hilda bernstein, rusty bernstein

 




Fighter Who Helped to Change the World, The Oxford Times

Philippa Boston

South African exile and anti-apartheid activist Rusty Bernstein, a man who at one time knew the walls of the Pretoria jail better than those of his own home, now lives in a tranquil corner of Kidlington, just outside Oxford. He had never thought to write his memoirs until a colleague reminded him how few first-hand accounts there were of the struggle to end apartheid in South Africa.

Many of the main players are dead. Virtually all information had to be destroyed or communicated only by word of mouth. His memories of the period from the late 1930s until his exile to England in 1964 are unique.

I asked him how he came to find himself up against the secret police in the 1950s. "You start by saying, 'I feel I ought to lend a hand to this good cause' and then gradually you get more and more involved until there's no way of going back without disowning your whole past," said Mr Bernstein.

His first active involvement' in politics came in late 1930s Johannesburg, when he joined the Communist Party and helped with fund-raising for medical aid for the Spanish Civil War. During this time he met and married his wife, a fellow Communist and a tire-less campaigner for civil rights.

Memory Against Forgetting catalogues' the increasing unrest of non-white citizens of South Africa up to 1955, when, in one of the many memorable passages of the book representatives of all the numerous factions of anti-apartheid activity secretly squeezed themselves into 40 schoolroom desks in rural Stanger, where Chief Luthuli was confined, and, by the light of a single storm lantern, united as the Congress of the People. It fell to Mr Bernstein, as a long-time writer of magazine articles and political pamphlets, to write The Freedom Charter, giving a political voice to the disenfranchised.

The following year, he was one of 156 suspected anti-government activists involved in what became known as the Treason Trial. The trial lasted until 1959, when all 156 defendants were acquitted. Mr Bernstein's book describes how the defendants, who had previously respected and communicated with each other from a distance, due to the segregation laws, now became friends and formed bonds which would remain for life.

Amazingly there is much. to laugh about in this tale. Their capacity to outwit the authorities reads like a real-life Jack and the Beanstalk. Some of the prosecution exhibits at the trial, such as the canteen boards bearing the legends "Soup with meat" and "Soup without Meat", are hilarious. There is also that fairy-tale sense of the giant getting more and more infuriated by Jack's antics, which eventually leads to the giant's downfall. In 1959, Mr Bernstein found himself acquitted, but out of a job, with four children to support. In 1960, in the wake of the Sharpeville Massacre, the government declared a State of Emergency, banned both the ANC and the PAC (Pan African Congress) and gave the police the power to detain suspects without trial.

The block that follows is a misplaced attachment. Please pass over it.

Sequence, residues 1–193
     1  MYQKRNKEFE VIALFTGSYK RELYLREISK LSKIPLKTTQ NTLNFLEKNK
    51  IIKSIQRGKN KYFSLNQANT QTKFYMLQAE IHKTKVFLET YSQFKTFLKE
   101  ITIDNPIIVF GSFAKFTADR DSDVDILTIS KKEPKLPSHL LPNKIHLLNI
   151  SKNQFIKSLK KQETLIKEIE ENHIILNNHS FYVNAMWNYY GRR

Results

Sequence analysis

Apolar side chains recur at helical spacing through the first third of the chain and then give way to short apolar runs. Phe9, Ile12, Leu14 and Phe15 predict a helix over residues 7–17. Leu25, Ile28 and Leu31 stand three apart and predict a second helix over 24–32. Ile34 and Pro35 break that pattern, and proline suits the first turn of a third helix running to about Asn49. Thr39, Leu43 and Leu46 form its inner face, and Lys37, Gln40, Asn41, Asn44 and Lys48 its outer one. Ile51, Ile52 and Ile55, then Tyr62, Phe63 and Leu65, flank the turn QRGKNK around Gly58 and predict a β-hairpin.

The Bernsteinís were soon both arrested and imprisoned without charge. Mrs Bern-stein was released after three months, when she and some other mothers went on hunger strike. He was released some weeks later.

At this time their children were aged three, eight, 11 and 17. How was family life affected and how did it feel to be in such a dangerous position? Mrs Bernstein said: "Gradually it became more and more dangerous and more and more difficult, but it didn't happen all of a sudden, so you were well-immersed in what appeared to be legal and safe activity before you realised you were up to your waist in something else as well."

Driven underground and increasingly disillusioned with peaceful protest, the ANC and Communist Party formed a military wing called Umkhonto We Sizwe, led by Nelson Mandela and Joe Slovo. When the police raided the Umkhonto headquarters at Rivonia in July 1963, they recovered a half-charred document giving details of a military campaign, never formally agreed or adopted by Umkhonto ó vital evidence in the subsequent Rivonia Trial. Treason, if proven, was punishable by death.

Mr Bernstein, who had arrived at the Rivonia house ten minutes before the police, was once again arrested. Although the only defendant to be acquitted, he was immediately rearrested, but managed to get bail and the couple escaped on foot over the border into Botswana and ultimately to England.

The other defendants in the trial, including Mandela, were all given life sentences. Mr Bernstein looks deeply content when talking about returning to South Africa in 1994 to help in the first one-person one-vote election which returned Mandela as President - the realisation of so many dreams and towards which he had dedicated so much of his adult life. "There has never been another day like it," said Mr Bernstein. "You could feel the change in the air. You could see people changing in front of your eyes. We're uniquely lucky in that we were part of a movement which did change the world in the direction which we wished to change it and that we lived to see it."

Reprinted courtesy of The Oxford Times, England